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AMD Radeon RX 6400 Review: Budget in Almost Every Way

Feels more like a $120 card

AMD Radeon RX 6400
(Image: © Tom's Hardware)

Tom's Hardware Verdict

The Radeon RX 6400 represents the lowest performance "modern" GPU we've seen, but cuts too many features and doesn't reduce pricing enough to truly qualify as the budget card it's supposed to be. The only real draw is if you want a half-height GPU or don't want a 6-pin power connector.

Pros

  • +

    Doesn't need a power cable

  • +

    Cards are in stock

  • +

    Good for 1080p medium

  • +

    Half-height options if you want them

Cons

  • -

    Not much cheaper than RX 6500 XT

  • -

    Trades blows with 3-years-old GTX 1650

  • -

    Meaningless ray tracing hardware

  • -

    Weak video codec hardware

The AMD Radeon RX 6400 should be the last 'new' GPU we'll see before the next-generation architectures slated to launch before the end of the year. Officially launched as an OEM-only product at the start of the year, AMD and its partners later decided to sell the cards on the retail market. It's not going to make our list of the best graphics cards, but if your primary requirement is a GPU that doesn't need a 6-pin or 8-pin power connector or a modern GPU that can be found in a half-height form factor, this is it. Still, we wanted to include it in our GPU benchmarks hierarchy, and it does fill a potential market niche.

We purchased this PowerColor ITX card at retail because no one wanted to send us a review sample. It sounds a bit like Intel's Arc A380 right now, though at least you can find the RX 6400 in the US market. We opted for the dual-slot model, mostly because that should represent the maximum level of performance you're likely to see from the GPU, whereas a half-height card might end up running a bit slower.

The primary competition for the RX 6400 consists of Nvidia's older GTX 1650 Super and GTX 1650, along with AMD's previous-gen RX 5500 XT and the slightly more expensive RX 6500 XT. Here's how the specifications stack up. 

GPU Specifications
Graphics CardRX 6400RX 6500 XTRX 5500 XT 4GBGTX 1650 SuperGTX 1650
ArchitectureNavi 24Navi 24Navi 14TU116TU117
Process TechnologyTSMC N6TSMC N6TSMC N7TSMC 12FFNTSMC 12FFN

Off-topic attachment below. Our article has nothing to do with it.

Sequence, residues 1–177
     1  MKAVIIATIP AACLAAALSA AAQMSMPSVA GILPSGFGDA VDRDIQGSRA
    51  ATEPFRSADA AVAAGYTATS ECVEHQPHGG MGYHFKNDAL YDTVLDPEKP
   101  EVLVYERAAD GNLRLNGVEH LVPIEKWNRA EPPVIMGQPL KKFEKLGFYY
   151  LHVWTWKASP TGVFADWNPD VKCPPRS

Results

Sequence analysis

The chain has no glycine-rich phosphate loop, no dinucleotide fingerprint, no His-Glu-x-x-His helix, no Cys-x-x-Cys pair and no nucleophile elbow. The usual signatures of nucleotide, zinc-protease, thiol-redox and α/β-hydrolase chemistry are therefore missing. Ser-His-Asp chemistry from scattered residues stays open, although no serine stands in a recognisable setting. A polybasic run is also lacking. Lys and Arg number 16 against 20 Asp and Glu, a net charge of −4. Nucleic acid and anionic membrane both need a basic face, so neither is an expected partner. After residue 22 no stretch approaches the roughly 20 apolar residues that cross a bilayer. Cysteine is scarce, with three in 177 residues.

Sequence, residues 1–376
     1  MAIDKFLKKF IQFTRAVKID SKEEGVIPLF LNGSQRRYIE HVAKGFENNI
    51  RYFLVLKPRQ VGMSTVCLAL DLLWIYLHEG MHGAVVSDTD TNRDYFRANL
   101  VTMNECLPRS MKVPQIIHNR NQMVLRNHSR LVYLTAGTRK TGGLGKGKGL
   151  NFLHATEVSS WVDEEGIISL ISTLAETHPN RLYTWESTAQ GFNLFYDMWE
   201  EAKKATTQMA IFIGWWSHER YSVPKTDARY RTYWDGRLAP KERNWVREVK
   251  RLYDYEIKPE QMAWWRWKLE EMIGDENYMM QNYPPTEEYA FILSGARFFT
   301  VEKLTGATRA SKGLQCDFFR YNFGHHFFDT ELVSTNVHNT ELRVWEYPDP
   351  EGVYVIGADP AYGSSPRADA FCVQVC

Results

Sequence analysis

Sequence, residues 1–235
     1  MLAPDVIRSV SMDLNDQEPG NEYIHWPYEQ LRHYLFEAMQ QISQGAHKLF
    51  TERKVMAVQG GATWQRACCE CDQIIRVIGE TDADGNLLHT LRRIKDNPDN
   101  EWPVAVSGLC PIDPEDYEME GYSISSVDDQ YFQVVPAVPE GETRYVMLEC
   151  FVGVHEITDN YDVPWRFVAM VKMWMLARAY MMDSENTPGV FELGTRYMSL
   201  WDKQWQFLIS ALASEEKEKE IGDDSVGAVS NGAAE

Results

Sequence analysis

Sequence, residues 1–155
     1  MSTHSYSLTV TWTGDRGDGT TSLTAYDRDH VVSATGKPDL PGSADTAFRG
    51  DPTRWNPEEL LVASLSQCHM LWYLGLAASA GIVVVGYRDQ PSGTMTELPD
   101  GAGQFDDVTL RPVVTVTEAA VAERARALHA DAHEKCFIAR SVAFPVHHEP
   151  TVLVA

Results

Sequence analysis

Transistors (Billion)5.45.46.46.64.7
Die size (mm^2)107107158284200
SMs / CUs1216222014
GPU Cores768102414081280896
RT Cores1216N/AN/AN/A
Boost Clock (MHz)28152815171717251665
VRAM Speed (Gbps)161814128
VRAM (GB)44446
VRAM Bus Width6464128128128
ROPs3232324832
TMUs4864888056
TFLOPS FP32 (Boost)4.35.84.84.43
Bandwidth (GBps)128144224192128
PCIe LinkGen4 x4Gen4 x4Gen4 x8Gen3 x16Gen3 x16
TDP (watts)5310713010075
Launch DateJan 2022Jan 2022Dec 2019Nov 2019Apr 2019
Launch Price$159 $199 $159 $159 $149
Online Price$159.99 (opens in new tab)$174.99 (opens in new tab)~$150 used (opens in new tab)~$150 used (opens in new tab)~$100 used (opens in new tab)

It's not a good look to have a new GPU competing against the three-year-old GTX 1650, but that's effectively where things stand. Nvidia hasn't really tried to launch a budget card in recent years, though there are plenty of indications that we'll soon see a new GeForce GTX 1630. That seems silly, as we already have the GTX 1650, and Nvidia should just make more of those instead of cutting features even more to create a 1630, but I digress.

One item of business we need to discuss is the out-of-box experience with the RX 6400, specifically the card's completely locked-down nature. Our understanding is that all overclocking options for the RX 6400 are disabled, and at least in AMD's drivers as well as MSI Afterburner, there's no ability to change any of the clocks or other elements. That probably means we won't see factory overclocked cards, which isn't the case for the other GPUs.

The RX 6400's biggest selling points will be size and power requirements. It's one of the few current options if you want a single-slot card that will fit into a slim form factor PC. Theoretically, you can put the RX 6400 into any PC that has a PCIe x16 slot, and it should work. However, we need to mention that performance will be lower with a PCIe 3.0 system, thanks to the x4 PCIe link width. (We measured about 8–10% lower performance on average when testing the RX 6500 XT with PCIe 3.0 vs. PCIe 4.0.)

Current graphics card prices are often hitting MSRPs, sometimes lower. For example, the RX 6400 can be purchased at AMD's official $160 starting price, while the RX 6500 XT can be had for just $15 more — but it needs a 6-pin power connector. AMD's older RX 5500 XT 4GB can only be found as a used option these days, and the same generally goes for the GTX 1650 Super and GTX 1650, though new cards can sometimes be had for $200. There were a few GTX 1650 cards that didn't need a 6-pin adapter, but they're hard to come by and tend to perform a bit worse than the typical 6-pin models.